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Thursday, March 04, 2004

The World Book Day Roundup 

And let's lead off with a teeny bit more info on everybody's favorite blogger-turned-author, Belle de Jour. According to the Telegraph, her book "Diary of a London Call Girl" (yo, Tracy Quan, can you sue for title appropriation?) will be published just in time for Valentine's Day next year. So get your sweetie some flowers, champagne....and some anecdotes on the mundane life of a courtesan. Um, yeah.

A group of 40 authors, including JK Rowling, has teamed up to fight the abolishment of recommended prices on book jackets. Because if those disappear, then booksellers and chains can price the books however they like which could affect what kind of royalties the authors get per book. Is it really so important to let the supermarkets rule the day?

Walter Yetnikoff was the president of CBS Records from 1975 to 1990 (i.e., right after Clive Davis) and, it seemed, spent much of that time in a drunken and drugged stupor. He's written a memoir dishing the dirt on his life of debauchery.

Mark Sanderson's Literary Life column focuses on the growing--and somewhat disturbing--trend of celebrities and adult authors who turn their hand to children's books. Ian McEwan? Peter Ackroyd? Who'd have thunk it?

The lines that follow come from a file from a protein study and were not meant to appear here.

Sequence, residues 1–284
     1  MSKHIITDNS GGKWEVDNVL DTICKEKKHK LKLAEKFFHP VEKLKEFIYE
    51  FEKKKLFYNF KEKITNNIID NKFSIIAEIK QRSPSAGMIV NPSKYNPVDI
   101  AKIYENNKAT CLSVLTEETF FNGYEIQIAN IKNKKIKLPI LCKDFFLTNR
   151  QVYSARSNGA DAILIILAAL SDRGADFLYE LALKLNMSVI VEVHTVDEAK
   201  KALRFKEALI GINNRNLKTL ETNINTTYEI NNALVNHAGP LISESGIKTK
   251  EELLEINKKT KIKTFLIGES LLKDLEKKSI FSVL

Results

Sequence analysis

An interview with George Pelecanos is not unusual at this time, since he does have a new book out, HARD REVOLUTION (and a fine book it is.) But an interview with him in a Greek paper, Ekatherimerini, is a little more off the beaten trail. Here, he chats about his views on Iraq, whether he's coming to Greece anytime soon, and oh yeah, the books.

Which profession is tops amongst those who read for pleasure? Not MPs, not teachers, but...accountants, according to a study commissioned for WBD.

Does publishing one's writing online allow for greater exposure and nurturing talent? That seems to be the case in China, according to a number of area writers there.

The shortlist for the Authors' Club Prize for Best First Novel has been announced: some of the usual suspects (DBC Pierre, Mark Haddon, Dan Rhodes) and some not (Elizabeth Garner, William Newton, Kym Lloyd.) And a special congratulations to blog reader Babs Horton on her nomination for the award as well!

Speaking of awards, Audrey Thomas was the recipient of the $15 000 Matt Cohen Trust award for writing; but she wouldn't let herself believe it till she had the envelope in her hands.

And finally, WaPo senior Book editor Michael Dirda took questions from the peanut gallery yesterday--and based on some of the questions, we'd venture to guess that he'll be checking out our friends at the Literary Saloon on a regular basis from now on.

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